On May 9, 1997, about 1400 mountain daylight time, N714VL, a Cessna 152 with a tail-wheel conversion, operated by the owner/pilot, nosed over and was substantially damaged while taking off from Deer Lodge, Montana. The private pilot, the sole occupant, was not injured. Visual meteorological conditions prevailed and no flight plan had been filed. The personal flight was conducted under 14 CFR 91. Use your browsers 'back' function to return to synopsisReturn to Query Page
The pilot reported that he encountered a crosswind as the airplane's tail had just lifted from the runway during the takeoff roll. He stated that the airplane "...veered hard to the right of center" and he could not maintain directional control. He then attempted to stop the airplane by lowering the tail back onto the ground, decreasing engine power, and applying the brakes. The airplane departed off the side of the runway and into loose gravel. The pilot stated that he "... got on the brakes too hard and the aircraft nosed over." The pilot did not report any mechanical malfunctions, and he stated that he could have prevented the accident by "...not aborting the takeoff and flying the aircraft off the runway."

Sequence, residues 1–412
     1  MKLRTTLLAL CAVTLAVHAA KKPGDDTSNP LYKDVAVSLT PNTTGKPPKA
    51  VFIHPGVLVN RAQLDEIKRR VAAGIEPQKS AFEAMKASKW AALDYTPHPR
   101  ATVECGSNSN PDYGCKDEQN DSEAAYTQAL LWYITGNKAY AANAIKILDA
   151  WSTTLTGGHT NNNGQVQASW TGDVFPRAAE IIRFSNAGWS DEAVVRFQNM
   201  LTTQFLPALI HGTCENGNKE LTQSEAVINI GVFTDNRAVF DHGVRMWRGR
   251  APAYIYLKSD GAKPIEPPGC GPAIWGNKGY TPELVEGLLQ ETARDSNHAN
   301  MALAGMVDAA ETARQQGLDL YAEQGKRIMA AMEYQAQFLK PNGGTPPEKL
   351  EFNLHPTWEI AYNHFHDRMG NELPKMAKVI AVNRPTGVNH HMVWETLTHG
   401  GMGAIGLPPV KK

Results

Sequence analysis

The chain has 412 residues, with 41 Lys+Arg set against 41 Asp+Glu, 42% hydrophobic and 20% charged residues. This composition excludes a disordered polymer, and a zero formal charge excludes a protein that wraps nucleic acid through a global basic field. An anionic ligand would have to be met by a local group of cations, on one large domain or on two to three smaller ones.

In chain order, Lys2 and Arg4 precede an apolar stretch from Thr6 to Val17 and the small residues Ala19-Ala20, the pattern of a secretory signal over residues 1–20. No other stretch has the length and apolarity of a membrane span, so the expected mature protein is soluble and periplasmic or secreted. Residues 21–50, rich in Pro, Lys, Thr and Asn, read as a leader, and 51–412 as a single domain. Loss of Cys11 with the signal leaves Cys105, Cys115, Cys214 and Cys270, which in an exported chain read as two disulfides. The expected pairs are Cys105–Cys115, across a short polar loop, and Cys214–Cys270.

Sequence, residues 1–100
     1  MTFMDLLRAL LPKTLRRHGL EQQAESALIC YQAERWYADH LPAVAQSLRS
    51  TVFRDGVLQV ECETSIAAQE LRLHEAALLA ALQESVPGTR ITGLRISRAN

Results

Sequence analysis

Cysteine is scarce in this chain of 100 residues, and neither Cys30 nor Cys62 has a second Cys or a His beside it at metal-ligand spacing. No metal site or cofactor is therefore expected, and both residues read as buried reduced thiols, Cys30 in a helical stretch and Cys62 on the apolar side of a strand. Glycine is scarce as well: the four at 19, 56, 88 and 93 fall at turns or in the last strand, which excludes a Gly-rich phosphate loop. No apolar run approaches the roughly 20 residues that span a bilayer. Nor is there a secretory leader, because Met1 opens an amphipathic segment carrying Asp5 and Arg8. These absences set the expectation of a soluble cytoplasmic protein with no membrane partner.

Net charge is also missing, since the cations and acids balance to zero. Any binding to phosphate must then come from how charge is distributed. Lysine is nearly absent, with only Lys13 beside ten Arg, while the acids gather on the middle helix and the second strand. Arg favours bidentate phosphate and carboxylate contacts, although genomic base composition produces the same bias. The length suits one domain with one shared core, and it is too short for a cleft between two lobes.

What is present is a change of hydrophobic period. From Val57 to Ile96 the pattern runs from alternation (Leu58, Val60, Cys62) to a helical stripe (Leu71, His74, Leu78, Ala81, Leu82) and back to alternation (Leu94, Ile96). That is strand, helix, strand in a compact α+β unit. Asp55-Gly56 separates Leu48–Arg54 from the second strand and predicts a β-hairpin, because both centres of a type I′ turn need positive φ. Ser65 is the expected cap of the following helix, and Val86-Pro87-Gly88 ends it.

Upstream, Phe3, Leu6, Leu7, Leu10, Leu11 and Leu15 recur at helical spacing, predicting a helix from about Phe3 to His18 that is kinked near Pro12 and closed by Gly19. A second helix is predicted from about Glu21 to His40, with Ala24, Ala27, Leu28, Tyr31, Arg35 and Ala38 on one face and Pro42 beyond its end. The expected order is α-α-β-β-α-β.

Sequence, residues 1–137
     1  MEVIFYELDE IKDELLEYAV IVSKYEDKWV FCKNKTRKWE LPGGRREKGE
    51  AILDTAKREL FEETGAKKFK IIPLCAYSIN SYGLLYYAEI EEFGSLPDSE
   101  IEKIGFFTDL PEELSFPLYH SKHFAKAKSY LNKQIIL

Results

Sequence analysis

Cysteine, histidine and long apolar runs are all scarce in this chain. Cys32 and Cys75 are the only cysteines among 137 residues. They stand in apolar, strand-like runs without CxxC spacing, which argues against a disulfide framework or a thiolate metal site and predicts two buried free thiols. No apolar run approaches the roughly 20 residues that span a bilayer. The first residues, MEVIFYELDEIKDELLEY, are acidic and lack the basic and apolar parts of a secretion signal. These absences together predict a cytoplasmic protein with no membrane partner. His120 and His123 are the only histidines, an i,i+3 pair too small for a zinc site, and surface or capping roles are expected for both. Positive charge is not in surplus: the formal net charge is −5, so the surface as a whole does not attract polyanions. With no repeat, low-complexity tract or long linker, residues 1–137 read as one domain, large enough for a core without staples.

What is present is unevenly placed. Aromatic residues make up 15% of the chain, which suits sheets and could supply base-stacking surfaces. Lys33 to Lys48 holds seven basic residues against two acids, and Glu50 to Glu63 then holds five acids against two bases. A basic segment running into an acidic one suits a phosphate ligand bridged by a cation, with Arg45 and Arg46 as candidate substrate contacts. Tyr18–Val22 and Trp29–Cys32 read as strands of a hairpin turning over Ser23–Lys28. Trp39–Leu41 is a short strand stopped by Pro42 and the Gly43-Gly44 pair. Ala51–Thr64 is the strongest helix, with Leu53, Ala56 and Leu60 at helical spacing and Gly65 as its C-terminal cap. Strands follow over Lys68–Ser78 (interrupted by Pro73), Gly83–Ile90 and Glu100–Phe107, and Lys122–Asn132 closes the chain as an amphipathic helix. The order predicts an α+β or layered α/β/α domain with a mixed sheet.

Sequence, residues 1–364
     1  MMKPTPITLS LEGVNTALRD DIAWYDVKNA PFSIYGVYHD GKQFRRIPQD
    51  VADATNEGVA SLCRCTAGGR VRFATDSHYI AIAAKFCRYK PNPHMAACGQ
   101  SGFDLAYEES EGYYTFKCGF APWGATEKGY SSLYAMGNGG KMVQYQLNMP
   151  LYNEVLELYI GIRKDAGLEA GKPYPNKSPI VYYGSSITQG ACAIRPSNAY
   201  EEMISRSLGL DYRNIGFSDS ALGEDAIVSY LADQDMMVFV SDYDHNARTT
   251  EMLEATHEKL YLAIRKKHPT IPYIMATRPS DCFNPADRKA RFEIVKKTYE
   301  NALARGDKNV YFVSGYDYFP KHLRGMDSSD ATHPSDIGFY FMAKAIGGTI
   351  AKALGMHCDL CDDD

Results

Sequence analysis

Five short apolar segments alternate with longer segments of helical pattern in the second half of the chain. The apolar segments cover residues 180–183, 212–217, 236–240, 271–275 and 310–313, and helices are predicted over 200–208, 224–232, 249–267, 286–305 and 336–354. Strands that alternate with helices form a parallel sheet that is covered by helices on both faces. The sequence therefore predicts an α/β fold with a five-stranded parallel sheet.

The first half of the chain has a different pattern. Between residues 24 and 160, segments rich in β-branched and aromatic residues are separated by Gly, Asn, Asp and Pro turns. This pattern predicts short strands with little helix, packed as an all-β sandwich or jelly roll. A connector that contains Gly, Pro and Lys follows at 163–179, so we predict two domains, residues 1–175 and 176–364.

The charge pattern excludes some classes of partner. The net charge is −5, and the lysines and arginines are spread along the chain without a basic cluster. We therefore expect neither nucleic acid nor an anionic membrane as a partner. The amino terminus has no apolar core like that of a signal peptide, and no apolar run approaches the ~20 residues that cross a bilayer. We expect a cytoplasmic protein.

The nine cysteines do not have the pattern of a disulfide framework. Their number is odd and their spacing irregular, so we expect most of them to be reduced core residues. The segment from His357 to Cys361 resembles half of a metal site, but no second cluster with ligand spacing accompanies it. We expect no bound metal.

According to a Federal Aviation Administration (FAA) aviation safety inspector from Helena, Montana, the airplane was substantially damaged in the accident. No preimpact mechanical malfunctions were found. The pilot had just purchased the airplane and was flying it back to his home in Minnesota at the time of the accident. The pilot reported that he had about 15 hours of total flight time in type.